Leong also indicated that the pan-democrats were discussing the possibility of triggering a new election for the Legislative Council through resignations. He claimed that such a poll would be a de facto referendum on electoral reform. In reality, it could serve as a pretext for calling off the protests, while the outcome could be simply ignored by Beijing.
The pan-democrats represent sections of the Hong Kong elite who are concerned that Beijing’s encroachment will undermine the territory’s standing as a major financial centre and cut across their own business interests. At the same time, they accepted Britain’s return of the city to China in 1997, under the formula “one country, two systems,” because they recognise that its economic future is intimately tied to China’s.
The pan-democrats are just as fearful as the government and its backers in Beijing that the protests will lead to broader unrest in one of the most socially polarised cities in the world. So sensitive is the issue that Chief Executive Leung was compelled to express regret this week for comments to the media in which he implied that the demands of protesters were impossible because they would give too much power to low-income voters.
Occupy Central leader Benny Tai is also seeking to find a way to halt the protests. On Monday, he called on the government to allow a non-binding referendum on electoral reform, saying it would likely bring an end to the protest movement. Before the protests, Tai declared that he would call off his proposed civil disobedience movement if it threatened to get out of control.
Occupy Central’s plans for a civil disobedience protest were pre-empted by student organisations, which organised a week-long student strike that provoked far larger protests when police cracked down. However, while more militant in their actions, the student leaders have restricted their demands to calling for an open election in 2017.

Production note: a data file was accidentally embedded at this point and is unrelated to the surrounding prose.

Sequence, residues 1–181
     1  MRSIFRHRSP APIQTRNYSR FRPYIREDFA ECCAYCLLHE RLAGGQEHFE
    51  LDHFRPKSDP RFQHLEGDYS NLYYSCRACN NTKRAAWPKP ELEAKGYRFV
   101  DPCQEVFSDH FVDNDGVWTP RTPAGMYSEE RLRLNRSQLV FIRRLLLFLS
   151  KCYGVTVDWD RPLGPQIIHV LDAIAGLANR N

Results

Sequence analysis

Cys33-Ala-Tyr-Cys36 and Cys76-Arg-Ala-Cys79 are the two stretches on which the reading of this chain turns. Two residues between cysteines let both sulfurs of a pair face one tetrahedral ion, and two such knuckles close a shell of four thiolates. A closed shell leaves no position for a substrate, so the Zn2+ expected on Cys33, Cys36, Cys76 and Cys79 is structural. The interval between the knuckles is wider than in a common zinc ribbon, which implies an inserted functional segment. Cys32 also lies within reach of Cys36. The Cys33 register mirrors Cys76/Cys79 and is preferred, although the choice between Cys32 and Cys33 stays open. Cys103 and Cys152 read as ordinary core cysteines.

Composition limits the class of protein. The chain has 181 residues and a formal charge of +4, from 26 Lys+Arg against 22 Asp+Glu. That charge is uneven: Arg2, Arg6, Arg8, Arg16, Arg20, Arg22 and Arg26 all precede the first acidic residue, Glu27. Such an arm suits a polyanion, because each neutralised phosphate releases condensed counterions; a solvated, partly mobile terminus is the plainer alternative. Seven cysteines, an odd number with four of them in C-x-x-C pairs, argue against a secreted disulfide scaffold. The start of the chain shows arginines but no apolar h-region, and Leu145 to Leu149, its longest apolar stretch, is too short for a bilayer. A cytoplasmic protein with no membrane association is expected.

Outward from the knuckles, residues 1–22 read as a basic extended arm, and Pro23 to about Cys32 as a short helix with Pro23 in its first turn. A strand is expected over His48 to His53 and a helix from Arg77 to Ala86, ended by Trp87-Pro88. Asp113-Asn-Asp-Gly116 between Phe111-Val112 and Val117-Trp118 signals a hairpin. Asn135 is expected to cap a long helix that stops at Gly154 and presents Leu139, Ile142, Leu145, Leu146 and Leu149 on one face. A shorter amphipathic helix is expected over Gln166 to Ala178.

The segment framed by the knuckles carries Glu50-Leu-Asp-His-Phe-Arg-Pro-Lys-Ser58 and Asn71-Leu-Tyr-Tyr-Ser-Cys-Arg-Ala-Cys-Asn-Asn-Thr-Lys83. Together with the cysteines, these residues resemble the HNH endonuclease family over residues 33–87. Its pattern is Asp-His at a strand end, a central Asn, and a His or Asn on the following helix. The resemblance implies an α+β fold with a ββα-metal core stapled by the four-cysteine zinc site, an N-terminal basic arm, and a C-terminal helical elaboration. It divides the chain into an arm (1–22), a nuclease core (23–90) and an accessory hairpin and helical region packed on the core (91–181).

The Hong Kong Federation of Students (HKFS) met with Chief Secretary Carrie Lam last week for a televised two-hour discussion that predictably produced no significant concessions by the government. HKFS and Scholarism announced late last week that a vote of protesters would be held on Sunday to decide whether to continue, but called off the ballot at the last minute in the face of opposition.
The lack of any program by student leaders to address the pressing social issues has opened the door for right-wing organisations, such as Civic Passion, to establish a presence at the protest sites. Civic Passion’s demands for open elections are linked to reactionary denunciations of Chinese mainlanders as “locusts” who take jobs and educational opportunities from Hong Kong residents and drive up prices, particularly for housing. The group is bitterly hostile to socialism, which it identifies with the Stalinist bureaucracy in Beijing.
Having called off Sunday’s vote, the student leaders are now making a lame appeal to the Hong Kong government to organise talks for them with Chinese Premier Li Keqiang to discuss electoral reform. At the same time, they are seeking support from various civil organisations, as well as the pan-democrats, whose only perspective is to shut down the protests as quickly as possible.